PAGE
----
Cancer arises from one single cell. The transformation from a normal cell into a tumour cell is a multistage process, typically a progression from a pre-cancerous lesion to malignant tumours. These changes are the result of the interaction between a person’s genetic factors and three categories of external agents, including:
Ageing is another fundamental factor for the development of cancer. The incidence of cancer rises dramatically with age, most likely due to a buildup of risks for specific cancers that increase with age. The overall risk accumulation is combined with the tendency for cellular repair mechanisms to be less effective as a person grows older.
It is important to point out that most everyone is exposed to cancer-causing substances (for example, sunlight, cigarette smoke, and X-rays) during their lifetime but many individuals do not develop cancer. In addition, many people have the genes that are linked to cancer but do not develop it. Higher the amount or level of cancer-causing materials a person is exposed to, the higher the chance the person will develop cancer. In addition, the people with genetic links to cancer may not develop it for similar reasons (lack of enough stimulus to make the genes function). In addition, some people may have a heightened immune response that controls or eliminates cells that are or potentially may become cancer cells. There is evidence that even certain dietary lifestyles may play a significant role in conjunction with the immune system to allow or prevent cancer cell survival. For these reasons, it is difficult to assign a specific cause of cancer to many individuals.
Ayurveda, one of the major traditional forms of medical practice in India, has produced many useful leads in developing medications for chronic diseases. Ayurveda is an intricate system of healing that originated in India thousands of years ago. Historical evidence of Ayurveda can be found in the ancient books of wisdom known as the Vedas that were written over 6000 years ago. Ayurveda provides novel approaches to cancer prevention that are considered safe. Classical Ayurvedic texts have several references to cancer. Some terms used to describe the condition are general while others are much more specific.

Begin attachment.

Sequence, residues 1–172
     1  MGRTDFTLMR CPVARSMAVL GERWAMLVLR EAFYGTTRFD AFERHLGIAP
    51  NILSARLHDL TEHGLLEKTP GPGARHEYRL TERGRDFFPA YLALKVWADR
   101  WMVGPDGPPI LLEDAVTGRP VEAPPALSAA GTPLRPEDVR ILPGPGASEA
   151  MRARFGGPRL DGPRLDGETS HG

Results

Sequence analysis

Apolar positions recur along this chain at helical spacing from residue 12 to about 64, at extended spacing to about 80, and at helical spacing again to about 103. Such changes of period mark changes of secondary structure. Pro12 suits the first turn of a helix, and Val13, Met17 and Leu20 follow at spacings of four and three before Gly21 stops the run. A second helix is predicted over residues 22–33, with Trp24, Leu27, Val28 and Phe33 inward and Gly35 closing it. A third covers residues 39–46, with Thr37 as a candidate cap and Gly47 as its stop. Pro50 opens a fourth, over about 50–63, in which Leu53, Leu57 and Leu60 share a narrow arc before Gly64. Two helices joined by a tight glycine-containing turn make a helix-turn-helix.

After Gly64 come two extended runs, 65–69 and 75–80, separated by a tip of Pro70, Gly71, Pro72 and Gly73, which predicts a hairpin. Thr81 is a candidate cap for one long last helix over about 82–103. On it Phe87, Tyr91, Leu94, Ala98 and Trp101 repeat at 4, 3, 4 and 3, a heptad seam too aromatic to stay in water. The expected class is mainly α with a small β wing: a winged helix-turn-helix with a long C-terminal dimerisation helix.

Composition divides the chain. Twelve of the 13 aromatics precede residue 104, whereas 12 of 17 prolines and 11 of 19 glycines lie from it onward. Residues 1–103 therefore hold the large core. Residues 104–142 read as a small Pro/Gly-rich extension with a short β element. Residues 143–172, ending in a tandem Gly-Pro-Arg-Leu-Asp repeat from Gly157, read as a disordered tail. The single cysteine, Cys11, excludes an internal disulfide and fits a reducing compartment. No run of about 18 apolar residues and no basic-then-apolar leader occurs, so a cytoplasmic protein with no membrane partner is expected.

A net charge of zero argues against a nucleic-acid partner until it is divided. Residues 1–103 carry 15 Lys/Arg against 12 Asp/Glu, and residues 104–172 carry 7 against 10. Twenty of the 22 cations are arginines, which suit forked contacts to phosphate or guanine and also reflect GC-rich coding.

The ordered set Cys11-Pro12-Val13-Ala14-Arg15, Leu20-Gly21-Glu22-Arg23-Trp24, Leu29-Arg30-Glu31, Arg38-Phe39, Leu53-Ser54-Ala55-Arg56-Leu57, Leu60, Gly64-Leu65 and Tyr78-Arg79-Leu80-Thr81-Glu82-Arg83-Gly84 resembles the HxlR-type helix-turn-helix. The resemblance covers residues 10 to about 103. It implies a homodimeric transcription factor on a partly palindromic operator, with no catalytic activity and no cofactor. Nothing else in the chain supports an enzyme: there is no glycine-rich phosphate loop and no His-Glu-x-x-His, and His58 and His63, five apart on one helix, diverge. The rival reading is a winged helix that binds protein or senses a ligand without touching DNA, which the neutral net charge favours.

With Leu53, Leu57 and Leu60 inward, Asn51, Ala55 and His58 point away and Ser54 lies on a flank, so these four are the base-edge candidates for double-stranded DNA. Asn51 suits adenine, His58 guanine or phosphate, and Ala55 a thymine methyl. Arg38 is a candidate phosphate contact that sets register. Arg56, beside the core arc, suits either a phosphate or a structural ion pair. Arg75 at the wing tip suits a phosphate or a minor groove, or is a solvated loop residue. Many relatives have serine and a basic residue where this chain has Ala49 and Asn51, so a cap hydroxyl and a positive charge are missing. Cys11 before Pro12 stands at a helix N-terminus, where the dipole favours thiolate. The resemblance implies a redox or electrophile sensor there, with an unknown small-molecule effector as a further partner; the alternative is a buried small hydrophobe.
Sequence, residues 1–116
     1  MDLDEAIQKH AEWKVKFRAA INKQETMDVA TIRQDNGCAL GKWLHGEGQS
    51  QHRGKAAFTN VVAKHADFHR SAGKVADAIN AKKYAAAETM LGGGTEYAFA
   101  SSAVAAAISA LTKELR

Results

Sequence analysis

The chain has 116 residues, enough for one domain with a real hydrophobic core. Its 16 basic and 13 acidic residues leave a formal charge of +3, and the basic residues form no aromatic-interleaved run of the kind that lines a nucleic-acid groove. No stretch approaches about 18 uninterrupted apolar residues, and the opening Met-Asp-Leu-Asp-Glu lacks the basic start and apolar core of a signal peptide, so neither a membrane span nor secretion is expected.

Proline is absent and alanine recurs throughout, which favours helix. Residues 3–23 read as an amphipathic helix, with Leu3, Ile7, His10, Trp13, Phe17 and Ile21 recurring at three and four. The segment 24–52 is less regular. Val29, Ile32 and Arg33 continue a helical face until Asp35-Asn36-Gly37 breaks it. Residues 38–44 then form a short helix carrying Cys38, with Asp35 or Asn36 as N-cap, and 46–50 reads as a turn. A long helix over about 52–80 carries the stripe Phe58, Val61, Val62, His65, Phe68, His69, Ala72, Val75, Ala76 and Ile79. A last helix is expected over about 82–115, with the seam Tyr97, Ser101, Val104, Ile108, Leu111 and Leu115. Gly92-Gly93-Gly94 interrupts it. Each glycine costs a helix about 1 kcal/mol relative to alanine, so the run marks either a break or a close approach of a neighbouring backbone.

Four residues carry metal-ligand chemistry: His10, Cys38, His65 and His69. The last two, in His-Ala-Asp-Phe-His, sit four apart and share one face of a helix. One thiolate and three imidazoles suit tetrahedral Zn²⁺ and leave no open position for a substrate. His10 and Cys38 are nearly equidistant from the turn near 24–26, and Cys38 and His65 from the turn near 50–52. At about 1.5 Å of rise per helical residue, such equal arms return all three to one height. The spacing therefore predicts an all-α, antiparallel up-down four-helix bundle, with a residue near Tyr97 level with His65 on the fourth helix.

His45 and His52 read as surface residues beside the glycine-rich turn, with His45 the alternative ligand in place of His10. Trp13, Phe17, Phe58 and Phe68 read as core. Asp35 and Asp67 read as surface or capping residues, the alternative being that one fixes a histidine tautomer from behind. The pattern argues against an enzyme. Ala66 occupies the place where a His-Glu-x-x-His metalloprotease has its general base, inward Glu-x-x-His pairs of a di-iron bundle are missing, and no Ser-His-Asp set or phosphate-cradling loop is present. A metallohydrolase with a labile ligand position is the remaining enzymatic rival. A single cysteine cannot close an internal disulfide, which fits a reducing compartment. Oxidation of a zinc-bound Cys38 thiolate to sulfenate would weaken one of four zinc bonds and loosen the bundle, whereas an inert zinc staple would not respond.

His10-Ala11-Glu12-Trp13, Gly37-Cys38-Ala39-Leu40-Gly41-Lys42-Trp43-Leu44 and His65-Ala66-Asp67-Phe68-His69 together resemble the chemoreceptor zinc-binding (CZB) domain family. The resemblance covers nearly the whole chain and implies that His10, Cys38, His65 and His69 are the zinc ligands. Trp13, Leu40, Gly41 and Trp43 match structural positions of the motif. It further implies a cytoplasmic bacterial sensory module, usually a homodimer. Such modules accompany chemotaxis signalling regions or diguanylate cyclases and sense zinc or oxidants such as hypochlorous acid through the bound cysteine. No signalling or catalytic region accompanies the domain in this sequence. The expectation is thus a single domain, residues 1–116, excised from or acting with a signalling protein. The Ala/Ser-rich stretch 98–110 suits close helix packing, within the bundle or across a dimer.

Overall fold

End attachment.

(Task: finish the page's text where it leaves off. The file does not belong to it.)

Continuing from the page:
Arbuda is the most specific term for a cancerous malignancy. Gulma is one another reference used to describe any palpable hard mass in the abdomen. It is any hard, tumor like mass in the abdominal region, which could be benign or malignant. Ayurvedic classification of neoplasms depends upon various clinical symptoms in relation to tridoshas.
Effective treatment for cancer, focusing on the principle of detoxification, rejuvenation. Our treatment involves:
Our Ayurvedic treatments can be safely combined with chemotherapy and radiotherapy procedures to minimize the side effects. Even in surgical treatment, this treatment can be started immediately to prevent metastasis and further healing.